If they can't be sent to the US, under the cirumstances, they should be given asylum.

bahamianworldcitizen

I agree that the situation should have been dealt with at the outset. And according to Cuban laws and Bahamian laws they did not necessarily have legal access to the U.S. They left Cuba illegally and they arrived in the Bahamas illegally. Although, I'm not a lawyer and I'm sure there are several users with LLBs, JDs and LLMs that would explain the legality of their claim.

I am still amazed that people are surprised when the Government doesn't make an immediate policy decision. I always expected the Government to take at least a year for each policy decision- after all they have very little written policy, so as we both said everything is ad hoc and all of Cabinet must agree on any decision taken...between the one hour speeches, the back benchers snoring and everyone claiming to be the smart lawyer it is no wonder we make any policy decisions sometimes.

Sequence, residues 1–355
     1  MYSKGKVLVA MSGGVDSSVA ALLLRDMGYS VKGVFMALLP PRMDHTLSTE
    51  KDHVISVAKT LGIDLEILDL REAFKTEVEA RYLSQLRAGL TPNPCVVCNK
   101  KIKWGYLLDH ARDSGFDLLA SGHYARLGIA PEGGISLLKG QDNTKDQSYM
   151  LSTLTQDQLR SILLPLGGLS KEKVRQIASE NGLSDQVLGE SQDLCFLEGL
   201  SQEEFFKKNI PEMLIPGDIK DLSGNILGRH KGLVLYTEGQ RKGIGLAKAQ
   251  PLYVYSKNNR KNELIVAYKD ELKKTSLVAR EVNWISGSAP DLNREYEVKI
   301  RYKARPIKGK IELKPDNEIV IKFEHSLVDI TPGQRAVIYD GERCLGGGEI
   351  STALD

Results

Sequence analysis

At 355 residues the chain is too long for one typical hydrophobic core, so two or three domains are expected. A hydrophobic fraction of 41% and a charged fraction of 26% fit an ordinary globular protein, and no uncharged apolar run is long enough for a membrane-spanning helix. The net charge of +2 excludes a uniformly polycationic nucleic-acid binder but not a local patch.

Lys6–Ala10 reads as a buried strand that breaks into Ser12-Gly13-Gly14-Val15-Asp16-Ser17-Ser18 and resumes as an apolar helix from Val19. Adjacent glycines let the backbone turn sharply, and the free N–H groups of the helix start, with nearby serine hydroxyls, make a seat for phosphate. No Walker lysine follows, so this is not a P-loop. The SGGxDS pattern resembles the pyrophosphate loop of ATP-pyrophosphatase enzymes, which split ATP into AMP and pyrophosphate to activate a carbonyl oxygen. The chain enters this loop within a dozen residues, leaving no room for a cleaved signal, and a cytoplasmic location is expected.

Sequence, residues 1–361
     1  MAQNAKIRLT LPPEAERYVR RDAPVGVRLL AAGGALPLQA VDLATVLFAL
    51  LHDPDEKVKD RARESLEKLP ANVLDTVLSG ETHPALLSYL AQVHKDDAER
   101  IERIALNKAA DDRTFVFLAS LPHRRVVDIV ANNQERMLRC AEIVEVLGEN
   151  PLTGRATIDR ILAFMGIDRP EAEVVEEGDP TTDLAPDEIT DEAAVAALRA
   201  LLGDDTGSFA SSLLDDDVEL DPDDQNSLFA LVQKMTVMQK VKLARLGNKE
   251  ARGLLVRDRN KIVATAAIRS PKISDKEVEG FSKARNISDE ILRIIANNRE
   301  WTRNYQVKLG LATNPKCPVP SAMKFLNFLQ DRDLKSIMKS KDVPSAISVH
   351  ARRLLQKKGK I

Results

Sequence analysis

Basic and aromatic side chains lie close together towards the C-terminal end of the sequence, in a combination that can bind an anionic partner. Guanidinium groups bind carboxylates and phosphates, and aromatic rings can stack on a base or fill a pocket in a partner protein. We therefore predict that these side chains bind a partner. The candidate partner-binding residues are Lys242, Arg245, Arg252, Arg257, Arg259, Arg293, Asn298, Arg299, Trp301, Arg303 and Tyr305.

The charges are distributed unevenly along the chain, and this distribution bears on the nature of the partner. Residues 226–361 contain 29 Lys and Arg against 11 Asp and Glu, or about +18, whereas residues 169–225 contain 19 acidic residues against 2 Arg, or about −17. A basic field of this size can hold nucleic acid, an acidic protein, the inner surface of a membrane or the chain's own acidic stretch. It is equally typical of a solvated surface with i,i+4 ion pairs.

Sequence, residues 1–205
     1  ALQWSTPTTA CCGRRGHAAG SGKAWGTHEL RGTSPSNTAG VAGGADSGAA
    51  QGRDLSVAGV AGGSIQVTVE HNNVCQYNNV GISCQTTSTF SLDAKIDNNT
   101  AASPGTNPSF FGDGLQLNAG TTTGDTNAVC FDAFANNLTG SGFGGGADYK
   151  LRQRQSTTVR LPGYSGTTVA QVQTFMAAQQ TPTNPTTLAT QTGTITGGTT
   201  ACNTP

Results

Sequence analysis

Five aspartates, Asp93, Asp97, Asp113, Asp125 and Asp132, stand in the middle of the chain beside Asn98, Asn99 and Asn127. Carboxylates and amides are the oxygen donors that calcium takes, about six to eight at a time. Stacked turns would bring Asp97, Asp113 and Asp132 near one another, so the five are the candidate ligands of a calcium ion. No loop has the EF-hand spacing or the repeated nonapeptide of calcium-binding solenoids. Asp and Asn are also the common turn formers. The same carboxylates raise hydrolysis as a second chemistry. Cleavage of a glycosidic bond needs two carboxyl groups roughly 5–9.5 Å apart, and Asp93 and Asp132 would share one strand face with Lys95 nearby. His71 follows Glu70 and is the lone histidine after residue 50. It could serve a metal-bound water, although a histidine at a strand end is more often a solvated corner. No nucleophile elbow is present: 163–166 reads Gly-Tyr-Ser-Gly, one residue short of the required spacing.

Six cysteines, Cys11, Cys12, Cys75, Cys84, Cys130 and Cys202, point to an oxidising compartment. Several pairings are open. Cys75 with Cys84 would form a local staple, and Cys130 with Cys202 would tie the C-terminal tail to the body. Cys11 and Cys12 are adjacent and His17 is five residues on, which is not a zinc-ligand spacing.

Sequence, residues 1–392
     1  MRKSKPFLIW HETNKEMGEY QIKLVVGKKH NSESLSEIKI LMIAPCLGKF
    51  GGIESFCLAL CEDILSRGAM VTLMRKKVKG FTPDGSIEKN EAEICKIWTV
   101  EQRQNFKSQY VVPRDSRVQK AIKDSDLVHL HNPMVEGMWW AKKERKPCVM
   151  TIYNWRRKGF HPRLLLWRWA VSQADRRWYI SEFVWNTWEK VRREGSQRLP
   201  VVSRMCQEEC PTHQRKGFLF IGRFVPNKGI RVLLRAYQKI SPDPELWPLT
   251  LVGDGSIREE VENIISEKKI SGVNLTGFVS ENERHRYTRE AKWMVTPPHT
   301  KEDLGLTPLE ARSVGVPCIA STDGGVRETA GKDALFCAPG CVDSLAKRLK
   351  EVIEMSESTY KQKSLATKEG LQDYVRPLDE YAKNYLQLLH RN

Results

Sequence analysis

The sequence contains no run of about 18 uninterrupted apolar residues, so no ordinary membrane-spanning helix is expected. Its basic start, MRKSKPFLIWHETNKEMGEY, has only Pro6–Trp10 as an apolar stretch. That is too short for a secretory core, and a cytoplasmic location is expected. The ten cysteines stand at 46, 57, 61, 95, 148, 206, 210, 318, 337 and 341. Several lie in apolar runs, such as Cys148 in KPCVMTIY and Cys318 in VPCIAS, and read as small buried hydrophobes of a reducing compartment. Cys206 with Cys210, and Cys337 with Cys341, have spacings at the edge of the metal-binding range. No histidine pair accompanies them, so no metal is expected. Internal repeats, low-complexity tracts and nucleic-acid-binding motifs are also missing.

Rick Lowe

This controversy over the Cuban dentists, and the position that The Bahamas should abide by its agreement with Cuba, reminds me of what John Locke said many years ago: "The end of law is not to abolish or restrain it, but to preserve and enlarge freedom."
Returning those people to Cuba, when they have documents to go to the United States, does not preserve freedom, it places them back into a system they apparently wish to flee of their own free will, and is morally repugnant.
Maybe we should renegotiate our agreement with Cuba because surely we would not want to restrain people who seek a different or better way of life. An option we are fortunate enough to take for granted as Bahamians.